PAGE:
The Local Palate Newsletter
Sign up to recieve news, updates, recipes, cocktails and web exclusives about food culture in the south

Share this article via email

Subscribe

Subscribe
Save 69% off of newsstand price now!

Subscribe to The Local Palate
Savor the South eNewsletter Subscribe Send as Gift Customer Service App Store Google Play

Sign up

Sign up to receive fresh recipes, gourmet getaway guides, and other tasty treats in your inbox.

Build a Coldframe for Winter Gardening

Advertisement
Build a Coldframe for Winter Gardening
Photos by Jamie DeMent

Cold frames can be built out of a wide range of materials and can be almost any size, but most simple versions tend to be constructed out of plywood and plastic. I lean towards the prettier and reusable with a friendly “Old Window” cold frame. They look charming in any landscape and you’re recycling! Win win.

ClickThru_2014-09-24 10.12.20Photos by Jamie DeMent
Photos by Jamie DeMent

If you have an old window laying around the garage, you’re one step ahead. If not, head to your local reclaim store or the local junk yard and pick out your window. Remember that you don’t want your cold frame to be too big and hard to move (because you might need to move it), so keep that in mind when you’re picking out your window.

Now get your tools and supplies ready:

  • Hand drill
  • Saw (a power saw will make this easier)
  • Tape Measure
  • Your window (cleaned and repainted if necessary)
  • Untreated 2x4s and thin wide planks for the walls (I recommend cedar)
  • Deck screws
  • Hinges
  • Optional: automatic opener (like this)

The size of your frame will depend on the size of your window. Measure the length and width of your window and adjust measurements using the dimensions of the window for reference (use a handy online calculator to help with measurements). The window should be hinged to the base at the top and angle downward. Once your window is ready and you know your dimensions, you’re ready to start building.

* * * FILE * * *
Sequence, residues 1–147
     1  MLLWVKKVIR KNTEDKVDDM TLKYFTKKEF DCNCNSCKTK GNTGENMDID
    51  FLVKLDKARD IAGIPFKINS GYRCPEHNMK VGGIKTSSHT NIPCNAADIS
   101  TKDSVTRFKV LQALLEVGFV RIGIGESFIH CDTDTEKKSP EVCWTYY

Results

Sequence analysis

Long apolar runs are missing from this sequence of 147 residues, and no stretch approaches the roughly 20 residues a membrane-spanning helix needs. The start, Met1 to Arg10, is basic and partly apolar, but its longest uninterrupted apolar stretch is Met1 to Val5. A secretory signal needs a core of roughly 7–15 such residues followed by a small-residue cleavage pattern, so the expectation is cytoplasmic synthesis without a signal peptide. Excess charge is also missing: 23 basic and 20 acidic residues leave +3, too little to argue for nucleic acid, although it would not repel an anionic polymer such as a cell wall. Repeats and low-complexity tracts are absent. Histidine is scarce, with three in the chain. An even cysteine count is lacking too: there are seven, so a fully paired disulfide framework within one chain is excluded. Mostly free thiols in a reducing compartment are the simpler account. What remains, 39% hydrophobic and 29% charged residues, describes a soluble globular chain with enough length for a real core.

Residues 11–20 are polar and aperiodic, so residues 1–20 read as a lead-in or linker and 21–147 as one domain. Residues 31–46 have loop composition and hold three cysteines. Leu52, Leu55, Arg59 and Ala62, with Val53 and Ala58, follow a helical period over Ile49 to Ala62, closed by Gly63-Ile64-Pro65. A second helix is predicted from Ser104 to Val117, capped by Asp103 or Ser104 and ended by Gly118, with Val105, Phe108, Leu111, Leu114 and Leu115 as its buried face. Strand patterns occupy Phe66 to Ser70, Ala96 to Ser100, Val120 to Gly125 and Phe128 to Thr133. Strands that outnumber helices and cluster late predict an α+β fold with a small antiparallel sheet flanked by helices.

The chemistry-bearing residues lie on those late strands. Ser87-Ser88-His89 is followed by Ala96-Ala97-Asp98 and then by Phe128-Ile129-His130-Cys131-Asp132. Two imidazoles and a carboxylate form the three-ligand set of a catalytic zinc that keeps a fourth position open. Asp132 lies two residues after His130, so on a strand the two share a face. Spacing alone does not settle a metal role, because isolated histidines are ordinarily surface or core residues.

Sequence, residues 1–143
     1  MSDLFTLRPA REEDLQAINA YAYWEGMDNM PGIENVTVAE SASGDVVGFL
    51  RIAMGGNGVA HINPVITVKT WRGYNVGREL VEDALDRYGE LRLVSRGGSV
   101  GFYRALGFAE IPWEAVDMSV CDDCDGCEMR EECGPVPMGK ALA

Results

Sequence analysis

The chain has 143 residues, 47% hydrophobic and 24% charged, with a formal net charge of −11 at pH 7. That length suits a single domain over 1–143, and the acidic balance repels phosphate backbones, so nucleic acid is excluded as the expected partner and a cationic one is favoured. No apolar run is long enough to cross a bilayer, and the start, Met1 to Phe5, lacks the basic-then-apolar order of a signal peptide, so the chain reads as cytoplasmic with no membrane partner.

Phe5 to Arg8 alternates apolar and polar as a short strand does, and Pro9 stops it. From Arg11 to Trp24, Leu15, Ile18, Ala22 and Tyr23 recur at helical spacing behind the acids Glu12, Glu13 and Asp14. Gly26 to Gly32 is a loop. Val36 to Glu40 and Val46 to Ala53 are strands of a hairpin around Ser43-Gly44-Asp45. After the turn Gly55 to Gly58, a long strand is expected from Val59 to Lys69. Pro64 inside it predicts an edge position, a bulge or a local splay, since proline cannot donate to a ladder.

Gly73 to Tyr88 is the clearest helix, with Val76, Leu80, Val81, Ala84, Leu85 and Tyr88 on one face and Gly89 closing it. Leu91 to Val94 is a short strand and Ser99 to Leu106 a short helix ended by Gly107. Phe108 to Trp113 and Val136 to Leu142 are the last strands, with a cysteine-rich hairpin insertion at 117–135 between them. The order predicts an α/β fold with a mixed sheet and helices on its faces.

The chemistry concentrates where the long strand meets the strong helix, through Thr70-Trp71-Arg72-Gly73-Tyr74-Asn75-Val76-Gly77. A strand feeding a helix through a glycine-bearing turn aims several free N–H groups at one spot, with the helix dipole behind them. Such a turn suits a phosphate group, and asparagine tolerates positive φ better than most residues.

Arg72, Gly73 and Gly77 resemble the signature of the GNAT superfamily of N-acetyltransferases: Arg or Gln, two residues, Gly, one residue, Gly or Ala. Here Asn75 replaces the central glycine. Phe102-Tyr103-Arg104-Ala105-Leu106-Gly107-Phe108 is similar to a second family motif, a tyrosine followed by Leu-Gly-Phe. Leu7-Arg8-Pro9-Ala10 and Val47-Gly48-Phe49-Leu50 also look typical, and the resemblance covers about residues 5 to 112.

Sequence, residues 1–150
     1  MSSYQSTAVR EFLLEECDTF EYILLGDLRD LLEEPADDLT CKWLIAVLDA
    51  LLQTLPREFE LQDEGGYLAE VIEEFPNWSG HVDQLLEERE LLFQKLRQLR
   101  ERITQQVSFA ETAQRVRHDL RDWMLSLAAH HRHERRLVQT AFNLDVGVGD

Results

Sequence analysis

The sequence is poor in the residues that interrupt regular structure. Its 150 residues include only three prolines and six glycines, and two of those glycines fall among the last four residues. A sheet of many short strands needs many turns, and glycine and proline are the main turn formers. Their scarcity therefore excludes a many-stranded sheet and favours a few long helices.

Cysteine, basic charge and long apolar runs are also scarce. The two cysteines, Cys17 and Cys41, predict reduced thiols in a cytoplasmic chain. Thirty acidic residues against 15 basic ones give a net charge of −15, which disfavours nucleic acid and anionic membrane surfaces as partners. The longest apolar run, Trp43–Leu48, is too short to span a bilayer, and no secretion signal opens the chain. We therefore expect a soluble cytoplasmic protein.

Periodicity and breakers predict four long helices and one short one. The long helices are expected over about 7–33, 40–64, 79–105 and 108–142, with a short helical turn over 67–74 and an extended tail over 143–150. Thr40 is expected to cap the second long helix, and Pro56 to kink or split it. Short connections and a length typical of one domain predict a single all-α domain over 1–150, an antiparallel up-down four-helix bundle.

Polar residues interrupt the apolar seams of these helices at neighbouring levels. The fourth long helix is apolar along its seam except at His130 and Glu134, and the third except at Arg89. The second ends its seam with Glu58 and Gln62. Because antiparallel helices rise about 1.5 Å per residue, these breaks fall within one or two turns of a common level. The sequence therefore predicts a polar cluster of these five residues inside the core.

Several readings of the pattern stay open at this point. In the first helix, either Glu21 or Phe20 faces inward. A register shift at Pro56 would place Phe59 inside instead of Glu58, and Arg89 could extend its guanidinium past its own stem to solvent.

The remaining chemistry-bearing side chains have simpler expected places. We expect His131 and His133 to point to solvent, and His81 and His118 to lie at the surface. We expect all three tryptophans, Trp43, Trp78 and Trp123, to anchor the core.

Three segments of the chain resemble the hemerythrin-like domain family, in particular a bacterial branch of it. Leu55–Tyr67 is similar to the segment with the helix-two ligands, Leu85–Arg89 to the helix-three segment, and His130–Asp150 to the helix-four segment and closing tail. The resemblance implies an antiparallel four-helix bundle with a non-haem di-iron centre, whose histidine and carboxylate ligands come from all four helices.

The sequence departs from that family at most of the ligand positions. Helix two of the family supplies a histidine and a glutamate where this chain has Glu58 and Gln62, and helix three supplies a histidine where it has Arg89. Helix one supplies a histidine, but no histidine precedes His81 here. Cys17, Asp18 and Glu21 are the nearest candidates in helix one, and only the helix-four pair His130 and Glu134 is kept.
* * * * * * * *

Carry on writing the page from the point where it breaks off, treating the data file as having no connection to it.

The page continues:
1. Use 2x4s to build the base of your frame and connect with deck screws. Build the ends, making sure you pay attention to the difference in height from front to back. It’s so much easier working in the cold frame when the front wall is shorter.
  2. Next, frame your front and back panels—they are basic rectangles that are the the width of your window and can be whatever height you’ve selected. Connect all the sections together with deck screws (3 or 4 at each corner).
  3. Cut your planks to fit each side and attach to the exterior of the frame. If you don’t intend to move your cold frame around and are going to have it on the ground, you can leave the bottom open. If not, cover the bottom as well but make sure to drill drainage holes so water doesn’t collect.
  4. Now, install your automatic opener on one side if you purchased (I heartily recommend using one of these for those days that you forget to check on your little project. You don’t want your tender winter veggies cooking before they get to the kitchen).
  5. Connect the window to the back interior wall of the frame and you’re ready to go! Place in a sunny South facing spot and fill with soil. Happy planting!